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Differring Koi Hi

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  • Differring Koi Hi

    The more magazines, books, videos, pictures I see of Koi, the more interested I get in the different Hi intensities available. Yes, I know that beauty lies in the eye of the beholder, but is one more correct or better accepted then the other. I understand that koi Hi develops along with its growth and that could be a factor in selecting prospecting koi, but can Hi quality disappear and suddenly reappear better than ever? Seems highly unlikely to me.

    Of the Japanese bred Koi(at least the ones I've seen) I have noticed the Hi is very red. While most local Koi or US bred or UK bred Koi have more of a orange/red or persimon as they call it.

    What are some of the factors that lead to these Hi conditions. I hear and read many explanations which talk about the "water"(quality), the "seasons"(temperature), the "food", etc. Do japanese breeders use color enhancers to bring out color before they auction off their stocks? I guess to fetch better pricing? Or is the red naturally held with water from Japan. In fact, I have seen the "red" in Japanese koi after about a couple of months, turn to that orange/red the next time I see them.

    I have also read about the color characteristics of bloodlines (at least what is available to read) How strong are these bloodlines in retaining color characteristics? This stuff is very interesting to me. The idea of learning about bloodlines, characteristics, advances in bloodlines, new bloodlines, this is endless...I guess at this point and time, thats where the fun lies for me...

    Relating back to my first hobby(wine) Like a sommolier identifing a wine based on color/smell and taste characteristics. Can some hobbiest/breeders look at a koi, and determine possible bloodline(s), regional area, growing characteristics or what ever?

    Geez, after reading what I just wrote...I guess thats every hobbiest dream goal.....hahaha. Oh well...any insights on this loooooong post......sorry.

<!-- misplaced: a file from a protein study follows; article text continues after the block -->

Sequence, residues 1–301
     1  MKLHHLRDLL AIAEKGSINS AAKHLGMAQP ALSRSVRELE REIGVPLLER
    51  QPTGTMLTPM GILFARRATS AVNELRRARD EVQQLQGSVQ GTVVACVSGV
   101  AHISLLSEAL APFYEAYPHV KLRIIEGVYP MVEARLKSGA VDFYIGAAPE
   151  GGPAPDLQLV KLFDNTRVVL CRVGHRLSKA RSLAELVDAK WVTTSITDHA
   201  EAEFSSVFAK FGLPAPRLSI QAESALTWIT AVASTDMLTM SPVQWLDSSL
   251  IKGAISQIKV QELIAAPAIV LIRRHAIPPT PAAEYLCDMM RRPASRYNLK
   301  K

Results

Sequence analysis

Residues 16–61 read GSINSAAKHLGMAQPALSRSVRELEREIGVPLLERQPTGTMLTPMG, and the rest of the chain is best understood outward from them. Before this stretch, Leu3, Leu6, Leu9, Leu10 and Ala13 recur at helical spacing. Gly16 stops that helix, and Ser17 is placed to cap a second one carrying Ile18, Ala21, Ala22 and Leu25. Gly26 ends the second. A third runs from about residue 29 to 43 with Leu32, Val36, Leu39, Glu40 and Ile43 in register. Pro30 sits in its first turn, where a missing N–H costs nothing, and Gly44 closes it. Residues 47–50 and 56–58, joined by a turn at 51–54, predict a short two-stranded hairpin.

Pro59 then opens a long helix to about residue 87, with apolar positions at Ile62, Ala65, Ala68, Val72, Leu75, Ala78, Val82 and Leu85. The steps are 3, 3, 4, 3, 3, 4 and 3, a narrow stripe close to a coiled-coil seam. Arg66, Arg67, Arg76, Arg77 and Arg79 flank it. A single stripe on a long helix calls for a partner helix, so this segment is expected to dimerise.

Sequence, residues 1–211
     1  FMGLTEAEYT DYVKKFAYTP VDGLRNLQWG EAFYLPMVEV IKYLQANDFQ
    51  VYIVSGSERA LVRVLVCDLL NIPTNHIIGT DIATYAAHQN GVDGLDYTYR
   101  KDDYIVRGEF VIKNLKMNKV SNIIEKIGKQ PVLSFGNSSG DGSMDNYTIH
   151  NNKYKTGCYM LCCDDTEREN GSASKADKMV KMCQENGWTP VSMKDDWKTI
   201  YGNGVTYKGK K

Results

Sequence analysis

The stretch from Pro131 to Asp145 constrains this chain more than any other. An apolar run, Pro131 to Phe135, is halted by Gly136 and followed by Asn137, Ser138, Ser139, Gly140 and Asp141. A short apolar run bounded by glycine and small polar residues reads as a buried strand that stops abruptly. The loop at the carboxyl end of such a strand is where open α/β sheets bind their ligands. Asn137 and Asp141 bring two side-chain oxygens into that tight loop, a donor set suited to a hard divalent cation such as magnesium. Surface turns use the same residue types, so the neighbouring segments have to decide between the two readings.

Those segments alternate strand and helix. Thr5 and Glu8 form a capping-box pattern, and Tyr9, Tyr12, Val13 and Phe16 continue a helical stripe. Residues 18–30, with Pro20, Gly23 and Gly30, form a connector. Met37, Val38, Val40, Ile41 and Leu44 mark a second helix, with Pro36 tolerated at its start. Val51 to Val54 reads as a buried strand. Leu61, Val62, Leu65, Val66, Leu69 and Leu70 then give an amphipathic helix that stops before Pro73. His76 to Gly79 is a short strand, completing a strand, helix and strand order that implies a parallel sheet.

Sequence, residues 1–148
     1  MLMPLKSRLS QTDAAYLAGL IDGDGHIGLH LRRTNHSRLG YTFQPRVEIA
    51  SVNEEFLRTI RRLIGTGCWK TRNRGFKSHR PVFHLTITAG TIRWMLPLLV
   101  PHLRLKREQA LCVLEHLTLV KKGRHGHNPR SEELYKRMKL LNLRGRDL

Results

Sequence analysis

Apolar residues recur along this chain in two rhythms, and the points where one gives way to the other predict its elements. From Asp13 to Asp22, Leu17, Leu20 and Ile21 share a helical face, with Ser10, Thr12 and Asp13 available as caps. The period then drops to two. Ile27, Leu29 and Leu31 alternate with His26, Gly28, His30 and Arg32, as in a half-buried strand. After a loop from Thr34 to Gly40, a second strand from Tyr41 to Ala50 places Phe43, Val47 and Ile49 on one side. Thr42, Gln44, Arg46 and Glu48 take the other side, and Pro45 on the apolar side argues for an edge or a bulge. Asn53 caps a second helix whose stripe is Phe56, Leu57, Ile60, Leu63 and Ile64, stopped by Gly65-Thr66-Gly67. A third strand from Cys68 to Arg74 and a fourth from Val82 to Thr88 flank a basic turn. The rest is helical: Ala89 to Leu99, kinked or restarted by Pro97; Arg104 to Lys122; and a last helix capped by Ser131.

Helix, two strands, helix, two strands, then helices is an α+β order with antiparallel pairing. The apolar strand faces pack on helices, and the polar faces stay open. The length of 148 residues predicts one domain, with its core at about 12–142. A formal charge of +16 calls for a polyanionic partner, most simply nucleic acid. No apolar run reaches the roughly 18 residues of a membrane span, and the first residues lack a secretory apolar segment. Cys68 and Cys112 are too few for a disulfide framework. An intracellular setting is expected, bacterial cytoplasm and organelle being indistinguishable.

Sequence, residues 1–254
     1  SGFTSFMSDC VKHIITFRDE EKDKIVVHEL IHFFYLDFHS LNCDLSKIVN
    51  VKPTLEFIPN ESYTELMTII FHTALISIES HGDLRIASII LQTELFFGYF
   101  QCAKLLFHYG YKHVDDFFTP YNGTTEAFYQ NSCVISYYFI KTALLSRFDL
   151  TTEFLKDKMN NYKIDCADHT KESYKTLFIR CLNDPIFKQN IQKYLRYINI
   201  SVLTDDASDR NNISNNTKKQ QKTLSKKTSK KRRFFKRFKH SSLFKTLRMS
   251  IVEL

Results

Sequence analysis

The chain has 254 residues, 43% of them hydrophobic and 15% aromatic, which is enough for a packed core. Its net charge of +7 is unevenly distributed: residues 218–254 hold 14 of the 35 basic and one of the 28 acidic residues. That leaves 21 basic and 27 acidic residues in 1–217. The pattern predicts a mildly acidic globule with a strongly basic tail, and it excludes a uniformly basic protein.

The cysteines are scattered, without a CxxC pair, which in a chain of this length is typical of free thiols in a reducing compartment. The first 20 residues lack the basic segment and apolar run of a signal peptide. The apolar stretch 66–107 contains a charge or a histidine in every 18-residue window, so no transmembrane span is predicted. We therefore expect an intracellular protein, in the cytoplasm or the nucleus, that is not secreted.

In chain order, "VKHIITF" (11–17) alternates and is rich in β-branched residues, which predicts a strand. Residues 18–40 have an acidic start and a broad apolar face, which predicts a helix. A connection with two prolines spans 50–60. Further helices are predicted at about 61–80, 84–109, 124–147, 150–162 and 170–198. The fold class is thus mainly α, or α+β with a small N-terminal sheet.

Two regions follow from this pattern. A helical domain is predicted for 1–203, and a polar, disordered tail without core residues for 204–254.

• #2


    Hi Akai-San,

    Here are some photos to confuse you.

    On the left is a Nisai Kohaku born in the US - on the right is the same Kohaku at Sansai. A cross of Tomoin & Sensuke type lineages.

    Best Wishes,


    • #3


      Yagozen type Kohaku tosai born in the US.

      Best Wishes,


      • #4

        lineage characteristics,...

        In this group of tosai kohaku we have Yagozen, Sensuke, Tomoin, & Manzo type lineages represented - all 6 months, all raised in same environment, all US born.

        Summary - hi coloration varies by bloodine type, by environment grown in, by diet, by amount of sunlight.

        Best Wishes,


        • #5

          My take on this is that the brighter vermillion reds are an attraction to early learning koi keepers, but are somewhat considered unrefined?

          I have to say that in my experience, these deep vermillion, English Post Box Red if you like, on young koi, prove time and time again to be unstable.
          A much softer red hue, almost orange, is far more desireable in a young koi, likely more stable and consistent thru' the kois formative years. Just my experience.

          "Gentlemen prefer ponds"


          • #6

            First of all thanks to brady for sharing his time and knowledge. A picture can tell a thousand words. Also andrew's learning curve is good to pay attention to as well!

            In the years I've kept,raised and bred koi I've learned a few things. My biggest joy is to see someone come to a koi dealer with a book or calendar and point to a finished koi and say something to the effect that he would like one just like the one in the picture. He says this as he's looking over the tosai bin!

            Just about every good color variety I know is like the ugly duckling story that turns into the beautiful adult as it matures. If it starts out perfect it has no where else to go but down.

            Japanese breeders are not afraid to use color enhancing additives to their food to adjust the color to more desiable saleable products. The tategoi they are raising on do not receive such food.